By Emilie Cram
I decided I wanted to start hunting just over 10 years ago. Spring Turkey season was right around the corner, and I knew nothing about turkey hunting. Thankfully, I was able to get an apprentice license and hunt with a mentor. We discussed the gear I needed to start looking at, where we might go, what the act of hunting a turkey looks like, and before I knew it, we were making owl hoots and roosting birds the night before opening day.
I lucked out with a hodgepodge camo outfit from the local bargain cave, I was gifted a New England firearms 12-gauge, and my mentor recommended a push-pin squeaker box call to start. I was up before the sun, layered up with camo, and we set out for the turkey woods. Tucked in between the hardwoods I had a nice shooting lane, but really was not sure what to expect.
Hunting wasn’t something I was used to and being with a buddy or a mentor seemed like it had to be a must for me, especially as a woman getting into hunting in her mid-20’s. I had and still have, so many questions. What if they act this way, or turn that way, or what boots and gloves do I wear to stay warm, is it bad that I fall asleep sometimes, or sometimes I get up count 100 jumping jacks when I get cold.
That first turkey hunt was almost a bust. Hours went by without a peep or sign of a turkey. Out of nowhere a solo gobbler came in from across the property behind us. He came right into that decoy and I was able to take my shot. But this story isn’t about if I did or didn’t shoot that Tom. It is about getting introduced to the outdoors, to providing food for my family and friends. Learning a new skill as an adult woman. Learning to handle tools, such as knives and firearms, that most shy away from. Building new friendships, resources, and mentors in a whole new industry I never knew anything about. This was an activity I never knew I needed or wanted to be a part of.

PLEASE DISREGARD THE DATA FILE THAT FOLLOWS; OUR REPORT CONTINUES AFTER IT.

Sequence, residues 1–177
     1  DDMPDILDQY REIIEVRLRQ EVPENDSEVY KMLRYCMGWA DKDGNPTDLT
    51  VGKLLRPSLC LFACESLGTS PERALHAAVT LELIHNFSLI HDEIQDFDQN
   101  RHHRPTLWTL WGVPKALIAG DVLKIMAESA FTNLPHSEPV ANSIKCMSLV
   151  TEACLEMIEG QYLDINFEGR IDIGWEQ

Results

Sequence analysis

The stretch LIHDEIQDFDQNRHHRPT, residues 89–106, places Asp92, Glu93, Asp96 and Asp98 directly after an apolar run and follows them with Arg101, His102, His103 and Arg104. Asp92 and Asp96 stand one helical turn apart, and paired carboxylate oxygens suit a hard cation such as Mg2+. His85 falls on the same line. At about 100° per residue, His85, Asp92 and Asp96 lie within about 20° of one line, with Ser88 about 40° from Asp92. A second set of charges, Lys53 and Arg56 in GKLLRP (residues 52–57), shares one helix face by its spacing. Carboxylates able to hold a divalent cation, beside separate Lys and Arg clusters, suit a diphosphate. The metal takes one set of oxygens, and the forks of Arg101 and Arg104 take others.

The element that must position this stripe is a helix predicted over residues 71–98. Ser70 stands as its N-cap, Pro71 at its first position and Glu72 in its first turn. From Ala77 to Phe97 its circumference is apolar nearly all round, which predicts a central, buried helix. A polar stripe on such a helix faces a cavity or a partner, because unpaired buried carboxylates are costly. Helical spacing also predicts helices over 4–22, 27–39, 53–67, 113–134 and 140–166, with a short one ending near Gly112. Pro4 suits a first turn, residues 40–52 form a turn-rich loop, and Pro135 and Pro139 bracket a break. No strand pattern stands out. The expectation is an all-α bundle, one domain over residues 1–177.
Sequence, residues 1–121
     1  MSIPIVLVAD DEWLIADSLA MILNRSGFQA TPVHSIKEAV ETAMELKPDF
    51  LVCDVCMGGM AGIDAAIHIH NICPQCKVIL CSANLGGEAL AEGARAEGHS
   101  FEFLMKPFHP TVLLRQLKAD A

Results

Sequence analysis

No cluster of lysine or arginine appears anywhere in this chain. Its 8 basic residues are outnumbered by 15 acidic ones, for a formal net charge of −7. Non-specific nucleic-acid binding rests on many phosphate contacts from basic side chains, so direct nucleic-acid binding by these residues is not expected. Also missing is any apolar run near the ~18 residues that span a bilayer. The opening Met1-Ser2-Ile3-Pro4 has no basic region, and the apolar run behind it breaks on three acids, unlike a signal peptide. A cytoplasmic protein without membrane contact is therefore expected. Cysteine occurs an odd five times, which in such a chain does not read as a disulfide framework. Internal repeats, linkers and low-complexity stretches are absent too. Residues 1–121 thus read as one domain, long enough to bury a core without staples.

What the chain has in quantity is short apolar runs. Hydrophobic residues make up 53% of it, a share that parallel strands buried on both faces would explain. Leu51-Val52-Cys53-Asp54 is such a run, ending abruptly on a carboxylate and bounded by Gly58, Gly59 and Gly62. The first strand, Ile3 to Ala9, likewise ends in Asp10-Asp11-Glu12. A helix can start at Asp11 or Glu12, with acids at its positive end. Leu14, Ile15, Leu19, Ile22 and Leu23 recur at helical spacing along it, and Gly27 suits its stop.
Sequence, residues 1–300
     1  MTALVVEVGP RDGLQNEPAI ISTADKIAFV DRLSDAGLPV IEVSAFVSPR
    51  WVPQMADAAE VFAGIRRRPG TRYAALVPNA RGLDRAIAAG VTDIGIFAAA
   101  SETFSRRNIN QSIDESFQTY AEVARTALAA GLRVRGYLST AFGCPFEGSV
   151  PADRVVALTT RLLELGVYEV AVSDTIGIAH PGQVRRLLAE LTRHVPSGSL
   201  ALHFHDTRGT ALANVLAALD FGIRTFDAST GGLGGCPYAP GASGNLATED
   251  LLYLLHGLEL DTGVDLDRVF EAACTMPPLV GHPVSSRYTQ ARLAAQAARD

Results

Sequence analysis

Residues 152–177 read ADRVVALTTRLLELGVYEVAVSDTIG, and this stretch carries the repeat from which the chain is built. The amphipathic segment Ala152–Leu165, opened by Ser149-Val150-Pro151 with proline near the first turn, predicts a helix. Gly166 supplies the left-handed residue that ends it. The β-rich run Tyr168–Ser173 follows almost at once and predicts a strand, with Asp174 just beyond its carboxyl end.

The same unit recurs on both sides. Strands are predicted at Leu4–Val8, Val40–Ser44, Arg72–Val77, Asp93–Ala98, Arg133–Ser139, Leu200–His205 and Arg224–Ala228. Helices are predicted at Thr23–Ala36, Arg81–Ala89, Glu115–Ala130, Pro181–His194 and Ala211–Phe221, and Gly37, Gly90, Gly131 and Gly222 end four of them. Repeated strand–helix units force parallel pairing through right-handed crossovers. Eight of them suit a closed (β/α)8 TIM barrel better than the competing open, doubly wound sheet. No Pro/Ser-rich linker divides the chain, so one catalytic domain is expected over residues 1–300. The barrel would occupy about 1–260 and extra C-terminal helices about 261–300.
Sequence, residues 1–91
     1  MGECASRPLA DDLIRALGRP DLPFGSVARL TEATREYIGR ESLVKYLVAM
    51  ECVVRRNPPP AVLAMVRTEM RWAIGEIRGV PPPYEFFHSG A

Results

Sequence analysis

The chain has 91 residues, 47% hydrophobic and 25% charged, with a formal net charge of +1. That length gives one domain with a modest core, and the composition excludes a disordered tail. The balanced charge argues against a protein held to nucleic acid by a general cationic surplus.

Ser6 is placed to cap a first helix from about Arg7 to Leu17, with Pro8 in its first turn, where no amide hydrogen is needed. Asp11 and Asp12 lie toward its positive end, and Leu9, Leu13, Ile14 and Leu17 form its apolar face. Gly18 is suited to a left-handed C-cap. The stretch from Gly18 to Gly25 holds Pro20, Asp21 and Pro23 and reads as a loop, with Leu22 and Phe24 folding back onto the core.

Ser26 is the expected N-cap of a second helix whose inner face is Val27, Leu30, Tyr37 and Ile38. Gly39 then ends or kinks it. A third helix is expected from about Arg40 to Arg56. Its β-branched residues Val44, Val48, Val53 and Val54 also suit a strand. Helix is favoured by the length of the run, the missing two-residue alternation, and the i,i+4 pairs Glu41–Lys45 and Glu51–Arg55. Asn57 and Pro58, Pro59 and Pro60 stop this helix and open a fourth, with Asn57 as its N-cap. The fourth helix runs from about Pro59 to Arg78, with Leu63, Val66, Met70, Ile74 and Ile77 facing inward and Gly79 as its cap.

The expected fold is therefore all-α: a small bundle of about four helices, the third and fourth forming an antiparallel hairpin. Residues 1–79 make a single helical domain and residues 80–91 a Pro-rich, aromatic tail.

Turkey season quickly became my favorite time of year. I went out with my mentor a handful more times, and then I set out on my own. Faced the early morning darkness, experimented with types of calls, got busted by those pesky hens, and missed shots at several turkeys. Those early morning gobbles when you are sitting there and not a sound around you. They sound off, surprise you every time, but also put a huge smile on your face behind that facemask, and sometimes you may even let out a giggle, I know I do! When those daybreak gobbles start sounding off, you know you are about to be a part of the world of wildlife waking up.
I have developed a great respect for these prehistoric looking birds. They are awkward, frustrating, not particularly attractive, but also fascinating to watch and interact with. Over the years now I have been drawn to the act of turkey hunting for the ability to interact with them. Have a conversation, even when I have no clue what I am saying to them, its still an incredibly unique and special experience. I am hooked. I encourage everyone to try it, cook up the breast meat with your favorite poultry recipe, display their feathers, and reminisce on the hunt while counting down to next year!
Until next season…. Gobble gobble!